Marine aquaculture and bottlenose dolphins’ (Tursiops truncatus) social structure

  • Bruno Díaz López
  • Julia Andrea Bernal Shirai
Original Paper

Abstract

In this study, we investigate association patterns of 249 bottlenose dolphin feeding groups off Sardinia Island (Italy) from January 2000–May 2007 and describe how their association behaviour is related to their response to food patches created by a marine fin fish farm. We also tested the hypothesis that dolphins have different social structures with different feeding activities: Associations should decrease during opportunistic feeding behaviours as it is easier to capture prey, and cooperation is not as necessary. Sixteen individually identified bottlenose dolphins were observed participating in both opportunistic and not opportunistic feeding activities, with a mean of 30 ± 8 times and 9.6 ± 1 times, respectively. Bottlenose dolphins show non-random social behaviour during feeding and this behaviour differs depending on their specific foraging activity. Dolphin associations during feeding can be divided into three categories: acquaintances, affiliates, and feeding associates. Association behaviour during fish farm feeding is consistent with our hypothesis that during opportunistic behaviours, benefits from cooperation decrease, as it is easier to capture prey. Group size homogeneity in both feeding activities demonstrates that the number of dolphins engaging in foraging is not necessarily related with cooperation levels. Moreover, an adult dolphin may prefer to associate with a specific individual, independent of the sex, who shares the same foraging priorities. This study is the first to show how aquaculture is not only directly affecting marine predators but could also indirectly affect their social structure and behaviour.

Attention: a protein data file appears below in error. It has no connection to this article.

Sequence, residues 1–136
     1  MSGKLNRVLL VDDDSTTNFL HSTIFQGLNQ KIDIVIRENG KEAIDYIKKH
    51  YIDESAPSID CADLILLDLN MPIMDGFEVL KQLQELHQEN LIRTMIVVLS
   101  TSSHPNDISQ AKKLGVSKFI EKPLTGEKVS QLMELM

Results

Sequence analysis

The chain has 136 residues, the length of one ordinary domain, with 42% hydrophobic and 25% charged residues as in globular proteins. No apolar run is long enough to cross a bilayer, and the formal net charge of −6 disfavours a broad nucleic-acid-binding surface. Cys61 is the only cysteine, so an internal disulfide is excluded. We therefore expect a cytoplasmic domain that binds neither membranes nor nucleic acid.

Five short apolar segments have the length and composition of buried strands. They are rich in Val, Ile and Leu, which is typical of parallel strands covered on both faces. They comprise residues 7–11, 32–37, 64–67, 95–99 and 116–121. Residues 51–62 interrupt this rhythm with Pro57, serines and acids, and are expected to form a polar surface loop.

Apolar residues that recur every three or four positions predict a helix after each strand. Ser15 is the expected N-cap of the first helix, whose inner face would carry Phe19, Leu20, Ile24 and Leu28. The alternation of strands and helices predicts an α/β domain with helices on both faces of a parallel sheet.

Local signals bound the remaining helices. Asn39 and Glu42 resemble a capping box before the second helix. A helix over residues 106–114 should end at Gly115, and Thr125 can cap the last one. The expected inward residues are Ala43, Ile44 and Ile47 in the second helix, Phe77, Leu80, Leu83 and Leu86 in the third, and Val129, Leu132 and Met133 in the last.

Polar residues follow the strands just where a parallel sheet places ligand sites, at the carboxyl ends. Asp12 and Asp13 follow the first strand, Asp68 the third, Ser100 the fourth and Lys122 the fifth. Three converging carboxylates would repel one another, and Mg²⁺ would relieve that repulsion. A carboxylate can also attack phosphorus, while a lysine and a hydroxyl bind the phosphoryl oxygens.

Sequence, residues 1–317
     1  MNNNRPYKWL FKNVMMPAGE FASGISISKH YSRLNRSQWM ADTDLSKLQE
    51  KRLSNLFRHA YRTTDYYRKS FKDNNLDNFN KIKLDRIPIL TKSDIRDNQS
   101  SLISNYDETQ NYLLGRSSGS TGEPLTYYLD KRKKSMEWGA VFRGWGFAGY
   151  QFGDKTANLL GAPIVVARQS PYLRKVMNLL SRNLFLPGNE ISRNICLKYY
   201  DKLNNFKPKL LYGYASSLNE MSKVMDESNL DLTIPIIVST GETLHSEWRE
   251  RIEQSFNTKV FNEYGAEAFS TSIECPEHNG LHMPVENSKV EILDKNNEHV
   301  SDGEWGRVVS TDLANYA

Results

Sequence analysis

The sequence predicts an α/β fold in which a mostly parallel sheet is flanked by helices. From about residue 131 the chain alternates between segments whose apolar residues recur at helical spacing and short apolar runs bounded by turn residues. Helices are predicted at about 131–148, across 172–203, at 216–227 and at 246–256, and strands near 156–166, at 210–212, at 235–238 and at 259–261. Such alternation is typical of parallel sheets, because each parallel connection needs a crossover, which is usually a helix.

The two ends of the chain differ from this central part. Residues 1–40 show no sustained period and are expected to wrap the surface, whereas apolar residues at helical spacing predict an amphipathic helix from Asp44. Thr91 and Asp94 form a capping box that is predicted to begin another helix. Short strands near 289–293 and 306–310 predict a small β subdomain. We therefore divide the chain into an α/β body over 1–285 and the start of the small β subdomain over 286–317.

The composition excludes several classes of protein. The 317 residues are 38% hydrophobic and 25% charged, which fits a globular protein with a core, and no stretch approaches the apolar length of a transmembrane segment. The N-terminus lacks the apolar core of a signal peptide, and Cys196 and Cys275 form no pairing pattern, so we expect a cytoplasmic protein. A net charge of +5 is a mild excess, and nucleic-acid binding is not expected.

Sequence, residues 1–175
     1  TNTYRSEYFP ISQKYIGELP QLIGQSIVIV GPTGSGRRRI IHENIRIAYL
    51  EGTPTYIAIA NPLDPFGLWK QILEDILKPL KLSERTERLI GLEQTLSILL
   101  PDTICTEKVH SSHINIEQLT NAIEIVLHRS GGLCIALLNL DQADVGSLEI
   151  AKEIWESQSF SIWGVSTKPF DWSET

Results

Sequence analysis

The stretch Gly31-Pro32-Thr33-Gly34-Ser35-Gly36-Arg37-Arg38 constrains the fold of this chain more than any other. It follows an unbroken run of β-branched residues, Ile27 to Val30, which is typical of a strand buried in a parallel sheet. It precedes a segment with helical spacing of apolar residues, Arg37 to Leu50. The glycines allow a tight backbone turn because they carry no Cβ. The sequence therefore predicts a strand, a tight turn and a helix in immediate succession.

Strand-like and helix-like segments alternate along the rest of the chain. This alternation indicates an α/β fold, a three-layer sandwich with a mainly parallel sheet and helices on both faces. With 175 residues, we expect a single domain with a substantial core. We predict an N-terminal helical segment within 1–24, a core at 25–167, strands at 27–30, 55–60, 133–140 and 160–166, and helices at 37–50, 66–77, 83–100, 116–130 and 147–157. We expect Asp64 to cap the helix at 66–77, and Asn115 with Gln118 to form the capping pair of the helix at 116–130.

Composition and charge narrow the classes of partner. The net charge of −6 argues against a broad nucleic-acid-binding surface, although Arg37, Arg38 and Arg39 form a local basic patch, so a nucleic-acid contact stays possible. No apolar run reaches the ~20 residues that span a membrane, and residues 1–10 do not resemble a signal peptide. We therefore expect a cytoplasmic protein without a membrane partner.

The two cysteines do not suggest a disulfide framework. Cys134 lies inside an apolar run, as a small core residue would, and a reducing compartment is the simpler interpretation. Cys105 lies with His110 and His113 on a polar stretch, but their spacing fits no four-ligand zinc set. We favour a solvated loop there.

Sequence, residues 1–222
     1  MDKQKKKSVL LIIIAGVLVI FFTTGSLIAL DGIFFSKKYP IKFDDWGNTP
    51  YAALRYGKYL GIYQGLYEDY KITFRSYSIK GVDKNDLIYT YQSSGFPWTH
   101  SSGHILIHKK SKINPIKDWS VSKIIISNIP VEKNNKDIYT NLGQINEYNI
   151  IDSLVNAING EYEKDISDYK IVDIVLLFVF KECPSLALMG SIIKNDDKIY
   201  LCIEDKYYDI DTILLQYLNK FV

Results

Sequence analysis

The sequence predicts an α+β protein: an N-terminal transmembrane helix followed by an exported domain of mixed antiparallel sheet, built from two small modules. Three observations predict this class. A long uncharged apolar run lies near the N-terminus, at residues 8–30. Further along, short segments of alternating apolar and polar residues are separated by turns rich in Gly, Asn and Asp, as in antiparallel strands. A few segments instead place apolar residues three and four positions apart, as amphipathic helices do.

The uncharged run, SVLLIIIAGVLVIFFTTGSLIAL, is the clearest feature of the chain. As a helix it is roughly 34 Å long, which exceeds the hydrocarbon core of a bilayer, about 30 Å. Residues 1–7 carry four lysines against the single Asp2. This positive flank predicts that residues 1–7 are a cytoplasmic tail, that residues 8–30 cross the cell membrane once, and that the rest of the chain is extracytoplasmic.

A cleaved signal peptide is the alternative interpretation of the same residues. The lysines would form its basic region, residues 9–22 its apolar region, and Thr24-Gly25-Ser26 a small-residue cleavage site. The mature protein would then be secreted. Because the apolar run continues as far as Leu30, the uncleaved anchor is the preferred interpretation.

Keywords

Social structure Fission-fusion societies Aquaculture Bottlenose dolphins Tursiops truncatus 

Notes

Acknowledgement

Funding for this research came from the Bottlenose Dolphin Research Institute—BDRI—and private donations. We give thanks to numerous friends, colleagues and volunteers at the Bottlenose Dolphin Research Institute for their assistance and support with data collection. The English grammar was improved by Collette Thogerson. We would also like to thank Jens Krause and one anonymous referee who provided valuable comments and critiques at various stages of this study. Data collection complies with the current laws of the country in which it was performed.

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Copyright information

© Springer-Verlag 2007

Authors and Affiliations

  • Bruno Díaz López
    • 1
  • Julia Andrea Bernal Shirai
    • 1
  1. 1.The Bottlenose Dolphin Research Institute BDRIGolfo AranciItaly

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